If you have a riding mower, I recommend getting one of these trailers. I use it all the time, for hauling dirt, bark dust, rock, packages, etc.

Lawnmower with trailer attached and cardboard pile in backgroundCardboard pile at street

Picking up salt ($14 for a 40 lb bag — need 9 of them) plus a bag of filter sand. The trailer hitch rack works well for this, although I put some of them inside the Wrangler.

Bags of salt and sand on hitch rack behind Jeep Wrangler

Setting up the skimmer.

Cedric assembling the skimmerSkimmer hole

Backfilled a portion of the outside (water is high enough to support it) and grabbing the pump.

Skimmer on pool wallSand backfilling under skimmer

Pump set up. Waiting for water to get up to the intake so we can test it. I did turn it on with hose input and it worked, so that's cool. I had to do some modifications to get the pump to attach properly (it isn't for this pool) but no leaks that I can see!

Cedric assembling pump and filter

We see here a felis catus in its natural habitat. Only these iron bars prevent our being attacked ferociously.

Willow the cat glaring at the camera while lounging on the pool deck

Water is high enough to turn on the pump!

Trying not to fall in as I dump 40lb bags of salt in. Even with quick-dissolving pool salt it still settles on the bottom. I'll have to use the brush/squeegee to mix it up.

Nine bags of pool salt on the deckMe dumping salt into the water and trying not to fall inSalt laying on bottom of pool which is nearly full of water

Long handled brush

Just shut off the water. Just under 48 hours of filling to hit the level we want.

Salt level is 2045 PPM. We need to hit 3000-3200. The ocean is something like 30,000 PPM, so you won't really taste any salt in this water.

Electronic salinity tester showing 2045 PPM and 71.2 degrees

That temp is wrong though. It's like 62 degrees.

These are a big pain in the butt to put on. I've cut myself multiple times. @thePoolFactory needs to design better posts IMO.

Holding the top plate of the pool wall posts while holding plyers

I figured out a better way and they went on easier.

Now screwing on the top plate.

Closeup of top plate connectors

I have a strong 6 year old helper.

Vessa hauling a pool wall top plate

And a strong 11 year old helper wearing an @infinite_red shirt.

Cally smiling at the camera

Just about there for salt PPM! Also need to put the solar cover on to warm it while we are gone.

Salinity tester showing 2820 PPM and 63.5 degrees

Pool solar cover on! This should raise the temp faster over the weekend while we are gone.

Blue pool solar cover partially on

Lots of little details like these covers for the rail connectors.

Closeup of railing connector coversCloseup of railing connector covers snapped on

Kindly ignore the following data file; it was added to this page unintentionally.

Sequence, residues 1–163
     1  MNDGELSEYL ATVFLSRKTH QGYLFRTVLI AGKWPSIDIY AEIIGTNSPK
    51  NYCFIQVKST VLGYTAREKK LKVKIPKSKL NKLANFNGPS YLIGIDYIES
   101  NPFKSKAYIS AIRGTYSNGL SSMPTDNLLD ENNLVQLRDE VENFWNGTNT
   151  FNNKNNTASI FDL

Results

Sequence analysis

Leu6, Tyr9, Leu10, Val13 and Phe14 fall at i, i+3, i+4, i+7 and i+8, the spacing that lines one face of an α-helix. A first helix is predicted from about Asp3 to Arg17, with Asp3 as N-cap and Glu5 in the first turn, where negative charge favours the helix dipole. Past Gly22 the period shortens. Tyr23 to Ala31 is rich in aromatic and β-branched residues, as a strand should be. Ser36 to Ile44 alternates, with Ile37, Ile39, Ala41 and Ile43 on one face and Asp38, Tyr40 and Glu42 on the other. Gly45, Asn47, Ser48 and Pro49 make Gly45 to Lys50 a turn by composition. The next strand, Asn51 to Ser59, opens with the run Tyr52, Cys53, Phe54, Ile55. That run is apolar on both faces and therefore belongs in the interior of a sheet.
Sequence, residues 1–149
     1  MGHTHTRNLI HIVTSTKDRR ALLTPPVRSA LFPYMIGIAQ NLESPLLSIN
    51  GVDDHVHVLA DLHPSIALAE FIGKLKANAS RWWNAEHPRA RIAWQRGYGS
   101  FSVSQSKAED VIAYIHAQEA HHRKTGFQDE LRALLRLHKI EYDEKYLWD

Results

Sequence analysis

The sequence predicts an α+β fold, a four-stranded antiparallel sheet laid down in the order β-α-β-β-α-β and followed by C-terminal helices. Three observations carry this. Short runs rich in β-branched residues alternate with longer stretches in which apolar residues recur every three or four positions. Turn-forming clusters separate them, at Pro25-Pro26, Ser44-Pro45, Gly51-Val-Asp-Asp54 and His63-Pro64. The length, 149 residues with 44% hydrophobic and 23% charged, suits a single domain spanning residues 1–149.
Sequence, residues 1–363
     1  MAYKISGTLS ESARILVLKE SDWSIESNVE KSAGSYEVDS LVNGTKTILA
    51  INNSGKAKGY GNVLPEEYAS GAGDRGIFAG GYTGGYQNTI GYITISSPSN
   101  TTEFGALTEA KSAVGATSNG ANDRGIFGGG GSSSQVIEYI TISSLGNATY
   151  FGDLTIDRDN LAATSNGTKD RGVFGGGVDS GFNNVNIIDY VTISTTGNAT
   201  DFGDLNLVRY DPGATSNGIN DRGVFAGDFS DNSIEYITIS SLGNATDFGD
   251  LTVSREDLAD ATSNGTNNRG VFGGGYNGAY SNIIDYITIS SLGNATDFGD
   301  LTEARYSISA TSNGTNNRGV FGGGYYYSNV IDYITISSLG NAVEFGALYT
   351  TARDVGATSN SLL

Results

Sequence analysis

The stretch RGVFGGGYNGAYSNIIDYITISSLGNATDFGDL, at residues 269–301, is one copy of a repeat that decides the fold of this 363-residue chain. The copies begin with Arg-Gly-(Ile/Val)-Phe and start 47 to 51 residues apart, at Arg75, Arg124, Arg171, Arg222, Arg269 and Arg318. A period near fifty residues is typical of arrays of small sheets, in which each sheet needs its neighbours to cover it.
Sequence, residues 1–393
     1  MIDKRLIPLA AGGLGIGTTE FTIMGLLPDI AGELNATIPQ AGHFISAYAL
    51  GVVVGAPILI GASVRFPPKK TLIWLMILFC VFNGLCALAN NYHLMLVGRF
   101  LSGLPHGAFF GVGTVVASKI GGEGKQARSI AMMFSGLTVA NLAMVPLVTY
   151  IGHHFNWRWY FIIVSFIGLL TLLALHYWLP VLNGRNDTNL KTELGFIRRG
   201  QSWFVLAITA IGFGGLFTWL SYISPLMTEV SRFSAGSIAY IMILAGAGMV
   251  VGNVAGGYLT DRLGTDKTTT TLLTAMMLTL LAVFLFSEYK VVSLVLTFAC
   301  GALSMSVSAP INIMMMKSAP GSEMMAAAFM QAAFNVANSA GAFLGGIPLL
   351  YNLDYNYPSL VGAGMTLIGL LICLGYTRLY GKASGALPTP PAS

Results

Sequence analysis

Pool deck organization is made much easier with this storage box.

Large dark brown box on deckBox opened with pool supplies inside

My girls want to swim in it. It's about 71 degrees (75 at the surface). A bit chilly but they don't care. I'll take off the solar cover.

Going to need better storage for the cover than this.

Pool solar cover crumpled up on the deck

But that water ...

Beautiful shot of water with Cedric testing it with his foot

"How's the water?"



(It's still too cold tbh)

My feet up and the kids swimming in the pool

Working on figuring out our organization. Day 1 was a success though!

Afternoon shot of pool deck with chairs, box, and pool supplies

Running the "Boost" mode to blast the pool with chlorine since we just swam in it. Salt level looks perfect, although I may dump one more bag in at some point (3000-3200 PPM is optimal).

This says 73.4 degrees F, which is still chilly. The other thermometer shows 72.

Closeup of filter pump showing code 80 and Boost onSalinity tester showing 3005 PPM and 73.4 degrees

The skirting is this reclaimed sheet metal. Looks great!

Corrugated metal skirting under deckCorrugated metal skirting under deck

Walt also built a step and secured the stairway to it. It's pretty solid now.

Stairs leading into poolCloseup of where stairs connect to the deck

Pool party happening now. The water is up to about 75 degrees. Still a bit cold but swimmable.

(Skirting is only about half done.)

Faraway shot of people enjoying the pool

Gate is on, skirting mostly done. It's about 76 degrees so it's way easier to swim in now.

Closeup of gateFaraway shot of pool deckCloseup of metal skirtingShot of pool deck from on top

Everything is done and I get a rare moment with the pool to myself. 💜

Jamon Holmgren in pool

That's it for now! I'll add more to the Twitter thread, but probably won't bring it back to this page. I hope you enjoyed this and please let me know via email (hello at jamon.dev) or on Twitter what you think!